Dental caries prevalence among inter-mediate and secondary school students in Thamar–Yemen

Faraed D Salman

Al-Rafidain Dental Journal, Volume 4, Issue 1, Pages 83-89

Aims: To determine the prevalence of dental caries among intermediate and secondary school students 13–16 years old to determine the age and sex difference and to obtain data that can help in planning preventive dental health programs for school students in Yemen. Materials and Methods: A random sample of 512 intermediate school students,449 secondary school students were examined. Interme-diate school student sample was divided into 3 age groups namely 13,14,15 and secondary school stu-dent sample was divided into 3 age groups namely 16,17,18 years old. The WHO methodology (1997) was used to assess the individual tooth status. Results: The mean DMFT for the total sample was 5.2±0.13; which increased with the increasing of age from 4.54 to 4.84 to 6.47 for the age groups 13,14,15 years old respectively; without significant sex difference as total 5.44 for males and 5.14 for total females. Results of dental caries for the secondary school students showed that the mean DMFT for the total sample was 5.98± 0.14, which decreased with the increasing of age from 5.60 to 6.49 to 5.85 for the age groups 16,17,18 years old respectively, with peak value at 17 years old without signifi-cant sex difference, 5.74 for total males, 6.21 for total females. Conclusion: The mean DMFT for both intermediate, secondary schools increased with increasing age with statistical significant difference with no sex differences.

Natural fluoride Content of Drinking Water in Two District Areas in Iraq and Yemen (A comparative study).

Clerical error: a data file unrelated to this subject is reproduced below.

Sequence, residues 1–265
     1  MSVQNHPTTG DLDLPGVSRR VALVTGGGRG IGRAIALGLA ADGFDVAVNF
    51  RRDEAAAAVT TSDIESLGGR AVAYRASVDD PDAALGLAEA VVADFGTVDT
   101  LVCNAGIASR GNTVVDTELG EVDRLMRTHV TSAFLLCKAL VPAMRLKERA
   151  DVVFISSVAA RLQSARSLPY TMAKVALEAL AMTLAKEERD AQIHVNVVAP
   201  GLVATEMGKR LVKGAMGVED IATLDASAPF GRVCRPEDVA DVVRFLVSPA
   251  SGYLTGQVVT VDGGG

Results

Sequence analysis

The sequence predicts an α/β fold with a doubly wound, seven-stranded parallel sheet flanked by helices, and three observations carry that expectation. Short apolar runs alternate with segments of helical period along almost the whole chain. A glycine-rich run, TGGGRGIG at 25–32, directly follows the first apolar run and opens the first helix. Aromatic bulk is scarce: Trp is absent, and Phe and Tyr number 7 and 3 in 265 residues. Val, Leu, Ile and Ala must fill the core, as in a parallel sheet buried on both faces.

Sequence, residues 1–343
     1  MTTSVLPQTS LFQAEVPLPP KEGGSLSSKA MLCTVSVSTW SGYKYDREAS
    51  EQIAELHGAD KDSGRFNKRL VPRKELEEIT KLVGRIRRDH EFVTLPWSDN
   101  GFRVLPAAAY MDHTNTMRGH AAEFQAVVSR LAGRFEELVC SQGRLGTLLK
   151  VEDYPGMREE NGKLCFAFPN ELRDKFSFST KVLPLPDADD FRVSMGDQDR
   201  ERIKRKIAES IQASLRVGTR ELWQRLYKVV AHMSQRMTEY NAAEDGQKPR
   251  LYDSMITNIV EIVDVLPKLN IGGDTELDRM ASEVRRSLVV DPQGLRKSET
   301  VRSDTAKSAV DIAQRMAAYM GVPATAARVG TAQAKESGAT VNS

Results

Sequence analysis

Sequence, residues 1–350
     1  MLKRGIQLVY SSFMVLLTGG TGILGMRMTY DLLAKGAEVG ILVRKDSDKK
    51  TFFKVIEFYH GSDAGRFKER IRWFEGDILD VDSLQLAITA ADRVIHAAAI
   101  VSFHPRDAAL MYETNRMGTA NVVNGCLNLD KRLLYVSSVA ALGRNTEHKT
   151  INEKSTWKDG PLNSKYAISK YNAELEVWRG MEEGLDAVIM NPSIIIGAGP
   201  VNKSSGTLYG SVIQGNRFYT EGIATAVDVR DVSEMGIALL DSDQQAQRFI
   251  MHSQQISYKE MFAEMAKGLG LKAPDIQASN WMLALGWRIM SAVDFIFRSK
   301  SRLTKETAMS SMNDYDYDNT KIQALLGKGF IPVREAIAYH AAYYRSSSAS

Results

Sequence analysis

Ajrab; May Gh Al; Faraed D Salman

Al-Rafidain Dental Journal, Volume 4, Issue 1, Pages 90-103

Aims: To determine and compare the prevalence and severity of dental fluorosis in two district areas: Iraq and Yemen, in relation to age and sex for students aged 13–16 years old. Materials and methods: the study was conducted among 904 students of both countries. Five hundred and seventy two students from Iraq (Sinjar province): 334 males and 238 females. Three hundred and thirty two students: 173 males and 159 females, from Yemen (Thamar province); aged 13–16 years old were randomly selected from intermediate and secondary schools who had lived since birth in two different areas with concentration of fluoride in drinking water. Sinjar with high concentration (2.05–2.22 ppm), Thamar with moderate concentration (1.8–2.2 ppm) by the use of Dean index (1934) to assess dental fluorosis. Results: the study had shown that the prevalence of dental flourosis in Sinjar province was 52.1%, 63.53% within students and teeth respectively was much higher than Thamar province which was 16.99%, 30.23% within students and teeth respectively; ranging from questionable, very mild forms for all age groups, while for Thamar it was ranging from very mild to moderate with significant sex difference for individuals (females reported less prevalence than males) for both provinces for the first three degrees of flourosis at P<0.001, P< 0.05. The percent age of severity for Sinjar was much higher than Thamar province which increased significantly with increasing age at P<0.001, P<0.01,and P< 0.05. Also the distribution of severity of frequency was much higher in Sinjar than Thamar with highest percentage in upper and lower posterior teeth (75%, 72%) at P<0.001. The community flourosis index for Sinjar was 1.62 (moderate) while for Thamar province was 3.05 for these age groups (very marked). Conclusions: prevalence of dental flourosis increased infrequently with age in Sinjar while systematically in Thamar with sex difference (females reported less percentage than males).

Retrospective Assessment of the Success Rate of Single-Visit Root Canal Treatment: A Clinical and Radiographical Analysis

Ali M. Rashid

Al-Rafidain Dental Journal, Volume 4, Issue 1, Pages 104-109